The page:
Once we were on the ground, a driver from our hotel picked us up. On the way to the Charleston Santa Teresa, we passed along the seashore and saw a man driving a donkey cart down the side of the divided highway where cars, buses and scooters zipped past. There were skyscrapers and cranes, but also chipping paint and stumpy little shops along the road. The closest thing in my experience to compare it to is Puerto Rico. Once we got checked in to our hotel, a former convent, we went up to the rooftop pool/restaurant, where we had views of yachts out on the water and a beautiful old church roof. It was gorgeous - high 80s, mostly sunny, with a nice breeze - and we were just in time to watch the sun set! We ordered ceviche, empanadas and plantains with avocado sauce. I had a beer and Darrel had a Mojito. Ahhhhhhhhhhhhhhhh.

Wednesday, February 20, 2008

WORLD VIEW: Jamaica, Day 1

To be honest with you, I did not think our trip to Jamaica would turn out as interesting as it did. Never having been to the Caribbean before and basing my expectations on what I'd seen in TV commercials, I thought we'd be cut off from the culture by the confines of our tourist experience in Negril. Luckily, it wasn't like that at all - we met tons of interesting people and learned a lot about Jamaica ... and American tourists!

When we left Detroit, it was 3 degrees Farenheit, gray and snowy. After an all-day trek, with a layover in Atlanta, we cruised in over the sparkling water of Montego Bay with a view of lush, sun-dappled mountains, marked by pastel-colored houses and palm trees. As the plane touched down and the pilot announced our arrival, applause and "woohoos!" erupted. We had managed to pack only carry-ons, so we booked through Immigration and were soon out in the warm, late afternoon sun. We found our shuttle driver, who told us to grab a beer and relax while he rounded up his other passengers. So, we headed over to the outdoor airport bar and ordered some Red Stripes - it was finally time for D to break his self-imposed, three-month exile from alcohol! Talk about a "woohoo"! Our driver took quite a liking to him and popped by to chat with us while we waited. A woman selling discount books also approached us and we couldn't resist buying one after she made it a point of pride, "This book is only $5 - don't you think your lady would like it? Isn't she worth spending $5 on?," she cajoled D. Sideways, with a wink, she said to me, "Don't worry, I'll take care of you." It wasn't so much that we needed the book as it was this woman was charming as hell and we couldn't resist. But, the point is - be prepared to be solicited as soon as you step off the plane. Also, be prepared for the currency quandary. The exchange rate between American dollars and Jamaican dollars (or Jai) is astronomical - when we were there it was about $1 U.S. to $65 Jamaican. Plus, different places charge different rates - there is not a uniform system. And, you won't always get change in the type of currency you pay with. Everywhere we went accepted U.S. dollars, but often you'd get Jamaican dollars in return.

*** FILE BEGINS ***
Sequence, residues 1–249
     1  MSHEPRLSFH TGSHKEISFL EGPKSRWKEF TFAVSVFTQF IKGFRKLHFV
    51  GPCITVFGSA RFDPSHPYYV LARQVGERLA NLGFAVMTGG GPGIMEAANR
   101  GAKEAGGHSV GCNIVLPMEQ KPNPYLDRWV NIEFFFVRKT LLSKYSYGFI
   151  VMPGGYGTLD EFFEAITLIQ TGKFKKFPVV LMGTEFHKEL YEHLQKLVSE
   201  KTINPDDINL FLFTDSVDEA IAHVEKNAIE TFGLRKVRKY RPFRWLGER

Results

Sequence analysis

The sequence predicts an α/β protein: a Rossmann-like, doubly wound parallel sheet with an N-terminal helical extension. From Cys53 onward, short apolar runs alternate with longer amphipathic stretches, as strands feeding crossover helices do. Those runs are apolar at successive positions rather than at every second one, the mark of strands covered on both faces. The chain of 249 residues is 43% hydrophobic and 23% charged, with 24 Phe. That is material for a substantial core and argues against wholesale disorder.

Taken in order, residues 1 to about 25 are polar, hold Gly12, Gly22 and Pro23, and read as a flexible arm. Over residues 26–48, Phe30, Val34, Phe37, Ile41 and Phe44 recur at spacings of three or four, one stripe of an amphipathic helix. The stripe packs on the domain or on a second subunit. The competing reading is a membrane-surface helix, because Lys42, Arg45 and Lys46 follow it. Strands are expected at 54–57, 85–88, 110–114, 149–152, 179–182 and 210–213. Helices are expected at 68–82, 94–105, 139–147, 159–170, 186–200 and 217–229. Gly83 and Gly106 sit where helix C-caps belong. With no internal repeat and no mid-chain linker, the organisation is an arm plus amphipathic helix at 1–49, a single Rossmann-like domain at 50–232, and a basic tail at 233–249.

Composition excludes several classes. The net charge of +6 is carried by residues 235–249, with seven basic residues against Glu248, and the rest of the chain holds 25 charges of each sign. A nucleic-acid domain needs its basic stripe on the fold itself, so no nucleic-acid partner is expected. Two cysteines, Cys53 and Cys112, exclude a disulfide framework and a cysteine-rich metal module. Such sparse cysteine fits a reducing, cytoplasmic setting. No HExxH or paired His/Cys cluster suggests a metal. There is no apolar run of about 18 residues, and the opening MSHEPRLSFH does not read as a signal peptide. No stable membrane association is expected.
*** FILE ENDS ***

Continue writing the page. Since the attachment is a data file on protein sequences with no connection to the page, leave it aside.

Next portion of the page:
Finally, it was time to head out, so we boarded the bus and hit the road as the sun went down. We were joined by a very outgoing woman from New Jersey, who immediately pegged my accent as Midwestern because she had attended U-M. She was a lawyer on vacation with her pre-teen son, whom she'd given Benadryl for the flight because he was afraid to fly. He sat quietly next to her as she spoke loudly and confidently on many topics until we dropped them off at their hotel. Heading out of the Montego Bay, the traffic got really crazy. As the main street narrowed from two lanes to one, it was like an all-out, horn-honking gladiator battle to get ahead. Plus, there were people in the streets selling all kinds of things: Flags, eggs, peanuts and pastries, which flumoxed me. Who would want to buy an old pastry from the side of the road?